It’s National Science Fiction Day! A day to pause and give thanks for the genre that offers us an infinity of futures to inhabit, if only for the space of a novel. It’s also the time of year when I like to ponder why I find science fiction so captivating. Like many fans, it’s partly because I love immersing myself in a sense of possibility: these are civilizations that could happen, interstellar events that may well unfold, alien life yet to be encountered, worlds upon worlds waiting to be discovered (or explored or exploited or misunderstood). However, I think my great love for this genre largely lies in its ability to reframe how I perceive the world. Reading the great sci-fi classics in high school introduced me to an astonishing array of philosophical concepts and conundrums that shook up my belief systems. Modern sci-fi continues to do the same for me some twenty years later. So, in honor of National Science Fiction Day, here are five titles that will change the way you see the world.
Let me begin with Isaac Asimov’s classic Foundation Trilogy, a particularly apt pick given that National Science Fiction Day falls on his chosen birthday. The series won the Hugo Award for best all-time series (deservedly so) and is inspired by Gibbon’s History of the Decline and Fall of the Roman Empire. What sets the trilogy apart from so many other series is the scope of its ambition. Asimov writes of the decline of the Galactic Empire and the forces at play to preserve its knowledge and help bring about the rise of another empire. Sound dry? It’s not! You’ll be swept up by the fascinating ebb and flow of power and politics and by the series end, be asking yourself profound questions about history, the human condition, and the cyclical nature of civilizations.
Ursula K. LeGuin’s (2004 Margaret A. Edwards Award) entire canon could rightly be included in this post as she excels in mind-bending narratives. However, it’s her Hugo and Nebula-award winning novel The Left Hand of Darkness that has most stayed with me over the years. This book was my first foray into feminist sci-fi and completely transformed how I understood gender and love. The novel is narrated by an envoy from the League of Worlds, Genly Ai, seeking to persuade the citizens of the planet Winter to join their League. His experiences on the planet are affected by his difficulties understanding the gender roles and sexuality of a people who are hermaphroditic. His relationship with the former Prime Minister, Estraven, in particular forms the basis of the story and provides one of the most beautiful ending scenes in science fiction.
Michael Flynn’s Eifelheim (a 2007 Hugo Award nominee) is a meditation on faith, science, and ultimately compassion. A first contact story set in the 14th century at the height of the Black Death, it is an unusual combination of historical fiction, philosophy, science fiction, and theology. The novel centers on Dietrich, a Christian priest, who attempts to care for and aid a group of aliens who have crash-landed in the woods near his village. The novel is intriguing on multiple levels, in part because unlike most first contact stories, this happens in a past devoid of modern technology and science and the means to understand it. The addition of Christian faith and the attempts to convert the aliens makes the book all the more interesting and will cause you to reconsider when and how humans and aliens might actually interact.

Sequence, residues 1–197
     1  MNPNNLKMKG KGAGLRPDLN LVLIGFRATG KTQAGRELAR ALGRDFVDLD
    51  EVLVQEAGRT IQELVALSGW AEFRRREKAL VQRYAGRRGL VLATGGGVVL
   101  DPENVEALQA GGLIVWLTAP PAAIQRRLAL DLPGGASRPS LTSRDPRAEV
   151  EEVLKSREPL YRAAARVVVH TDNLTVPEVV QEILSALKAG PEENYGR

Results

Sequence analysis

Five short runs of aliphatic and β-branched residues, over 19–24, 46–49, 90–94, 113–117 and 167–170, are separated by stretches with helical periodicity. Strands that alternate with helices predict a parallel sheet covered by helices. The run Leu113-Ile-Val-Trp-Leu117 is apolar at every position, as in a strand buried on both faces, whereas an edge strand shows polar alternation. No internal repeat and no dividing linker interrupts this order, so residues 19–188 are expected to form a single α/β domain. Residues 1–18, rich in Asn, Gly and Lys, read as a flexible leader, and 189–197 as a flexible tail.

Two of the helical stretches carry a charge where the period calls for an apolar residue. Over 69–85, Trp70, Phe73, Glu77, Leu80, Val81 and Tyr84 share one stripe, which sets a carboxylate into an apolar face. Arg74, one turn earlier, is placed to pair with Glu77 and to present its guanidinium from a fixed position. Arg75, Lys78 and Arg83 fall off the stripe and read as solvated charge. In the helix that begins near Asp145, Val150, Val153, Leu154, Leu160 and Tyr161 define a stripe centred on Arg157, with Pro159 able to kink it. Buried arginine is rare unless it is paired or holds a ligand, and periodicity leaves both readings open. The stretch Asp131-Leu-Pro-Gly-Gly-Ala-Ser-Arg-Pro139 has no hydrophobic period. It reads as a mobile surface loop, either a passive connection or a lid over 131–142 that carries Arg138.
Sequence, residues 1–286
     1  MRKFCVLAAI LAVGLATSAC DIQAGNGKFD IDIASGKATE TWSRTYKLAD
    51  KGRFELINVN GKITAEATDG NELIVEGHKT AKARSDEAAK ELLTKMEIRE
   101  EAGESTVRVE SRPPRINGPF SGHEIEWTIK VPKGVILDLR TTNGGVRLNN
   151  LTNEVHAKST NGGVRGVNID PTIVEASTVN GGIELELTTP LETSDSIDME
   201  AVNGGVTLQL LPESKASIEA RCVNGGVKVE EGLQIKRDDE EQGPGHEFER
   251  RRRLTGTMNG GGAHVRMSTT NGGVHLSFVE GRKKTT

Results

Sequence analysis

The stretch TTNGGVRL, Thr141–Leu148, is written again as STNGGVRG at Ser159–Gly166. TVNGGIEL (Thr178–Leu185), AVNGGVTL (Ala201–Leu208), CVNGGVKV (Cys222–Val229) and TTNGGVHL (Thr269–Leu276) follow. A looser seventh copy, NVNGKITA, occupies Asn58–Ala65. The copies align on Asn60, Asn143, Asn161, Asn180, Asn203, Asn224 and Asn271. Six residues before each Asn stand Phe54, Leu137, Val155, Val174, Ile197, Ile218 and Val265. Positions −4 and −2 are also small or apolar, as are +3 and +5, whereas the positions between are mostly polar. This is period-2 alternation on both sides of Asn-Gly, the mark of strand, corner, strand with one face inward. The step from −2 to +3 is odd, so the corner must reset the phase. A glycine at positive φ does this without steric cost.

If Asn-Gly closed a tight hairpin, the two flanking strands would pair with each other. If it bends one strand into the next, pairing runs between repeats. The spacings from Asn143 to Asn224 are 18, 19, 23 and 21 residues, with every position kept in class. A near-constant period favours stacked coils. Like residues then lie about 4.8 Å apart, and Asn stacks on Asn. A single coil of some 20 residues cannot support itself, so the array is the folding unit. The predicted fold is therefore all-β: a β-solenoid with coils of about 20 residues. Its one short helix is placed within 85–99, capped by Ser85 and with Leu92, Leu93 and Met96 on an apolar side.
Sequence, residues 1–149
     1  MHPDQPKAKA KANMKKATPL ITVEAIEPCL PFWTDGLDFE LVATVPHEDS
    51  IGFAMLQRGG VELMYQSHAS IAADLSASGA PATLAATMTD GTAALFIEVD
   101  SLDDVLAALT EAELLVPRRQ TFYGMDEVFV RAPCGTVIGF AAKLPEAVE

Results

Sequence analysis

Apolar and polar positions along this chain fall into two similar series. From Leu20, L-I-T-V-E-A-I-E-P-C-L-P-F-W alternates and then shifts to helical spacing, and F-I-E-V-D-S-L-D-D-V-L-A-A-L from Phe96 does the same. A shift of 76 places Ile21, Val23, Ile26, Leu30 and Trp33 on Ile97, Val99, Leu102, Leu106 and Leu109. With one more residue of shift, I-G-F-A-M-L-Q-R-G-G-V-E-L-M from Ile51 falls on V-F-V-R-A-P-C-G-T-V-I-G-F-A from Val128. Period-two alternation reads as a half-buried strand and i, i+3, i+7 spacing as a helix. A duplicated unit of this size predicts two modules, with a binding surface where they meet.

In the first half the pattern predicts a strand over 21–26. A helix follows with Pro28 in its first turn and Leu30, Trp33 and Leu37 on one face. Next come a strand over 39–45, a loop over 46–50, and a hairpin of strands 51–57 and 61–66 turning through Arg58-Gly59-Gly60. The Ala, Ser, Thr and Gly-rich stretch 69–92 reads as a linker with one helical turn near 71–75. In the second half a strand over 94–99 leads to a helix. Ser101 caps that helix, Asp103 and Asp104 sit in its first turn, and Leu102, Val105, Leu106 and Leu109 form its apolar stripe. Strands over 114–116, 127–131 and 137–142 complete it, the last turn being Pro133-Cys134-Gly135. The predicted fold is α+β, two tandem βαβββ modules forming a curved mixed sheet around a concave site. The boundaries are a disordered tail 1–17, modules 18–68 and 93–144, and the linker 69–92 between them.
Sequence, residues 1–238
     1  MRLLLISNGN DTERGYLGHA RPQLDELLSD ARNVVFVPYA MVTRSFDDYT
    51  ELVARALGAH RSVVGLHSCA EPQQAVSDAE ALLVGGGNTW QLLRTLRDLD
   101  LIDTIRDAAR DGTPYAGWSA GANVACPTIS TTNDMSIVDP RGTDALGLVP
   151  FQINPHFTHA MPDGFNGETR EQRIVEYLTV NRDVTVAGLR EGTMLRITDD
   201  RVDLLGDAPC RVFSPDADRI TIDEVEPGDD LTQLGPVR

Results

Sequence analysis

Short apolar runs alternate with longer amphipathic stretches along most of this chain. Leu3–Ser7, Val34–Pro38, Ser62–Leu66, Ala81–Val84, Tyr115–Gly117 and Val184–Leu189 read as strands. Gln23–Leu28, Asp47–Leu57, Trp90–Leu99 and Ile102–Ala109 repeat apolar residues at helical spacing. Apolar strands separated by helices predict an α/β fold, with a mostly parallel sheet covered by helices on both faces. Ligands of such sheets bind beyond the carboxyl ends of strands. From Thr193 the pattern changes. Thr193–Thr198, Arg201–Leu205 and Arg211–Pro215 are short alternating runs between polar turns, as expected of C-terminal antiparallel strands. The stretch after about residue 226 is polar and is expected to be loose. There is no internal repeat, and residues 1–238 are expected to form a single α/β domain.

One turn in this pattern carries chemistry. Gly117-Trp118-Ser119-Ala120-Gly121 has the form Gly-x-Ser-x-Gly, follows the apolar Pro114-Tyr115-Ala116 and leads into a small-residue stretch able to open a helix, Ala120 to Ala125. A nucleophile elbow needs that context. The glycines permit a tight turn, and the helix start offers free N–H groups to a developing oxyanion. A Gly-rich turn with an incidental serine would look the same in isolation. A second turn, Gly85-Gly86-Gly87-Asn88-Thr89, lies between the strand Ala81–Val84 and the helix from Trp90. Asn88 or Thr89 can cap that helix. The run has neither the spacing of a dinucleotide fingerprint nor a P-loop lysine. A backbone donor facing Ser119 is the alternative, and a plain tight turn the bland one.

China Mieville’s books are unfailingly riveting, from his noir-inspired tale The City & The City to Railsea, his young adult retelling of Moby Dick. His 2011 Locus Award-winning book Embassytown is as enthralling as his other books while also daring readers to reexamine their views of language. The book relates the story of Avice Cho who has returned to Arieka, a planet home to humans, extra-terrestrials, and Hosts (the indigenous species of the planet). The Hosts speak a language that only a handful of altered human Ambassdors can speak and the introduction of a new Ambassdor brings about devastating changes for all the inhabitants of Arieka. Mieville’s exploration of linguistics and how language defines us is both engrossing and challenging. Bonus points for the depiction of an alien race that actually reads as completely alien (a difficult feat)!
I’ll end with a book much beloved by many, Madeleine L’Engle’s (1998 Margaret A. Edwards Award) Wrinkle in Time. The story of Meg Murray, her brother Charles, and their friend Calvin O’Keefe as they search for her missing father throughout the universe is a mind-boggling read for young people past and present. It forever changed my understanding of space and time and introduced a female scientist (Meg’s mom, the first I had encountered). And who can forget the concept of a two-dimensional world? Or better yet a tesseract? This ode to non-conformity, intelligence, and the power of love is both uplifting and thought-provokingâ€¦a must read if you’ve somehow missed it.
The immensity of science fiction’s conceivable futures is both exhilarating and bittersweet as a reader. Exhilarating because the scope of the human imagination is dizzying and allows us readers to revel in worlds both breathtaking and believable. Bittersweet, because the thought of sights unseen tugs at the soul, a forward-flung regret for futures we’ll never know. It is this combination of vastness and intimacy, the allure of worlds just out of reach, and sci-fi’s ability to alter our minds and our hearts that makes it a genre worthy of a day of celebration. That said, close your computers, grab some science fiction and start reading (and let me know what science fiction has shaped your personal universe)!
p.s. Looking for other paradigm-shifting novels? Check out the works of Neal Stephenson, Kim Stanley Robinson, and Connie Willis to name but a few.
-Alegria Barclay, currently devouring Lexicon by Max Barry
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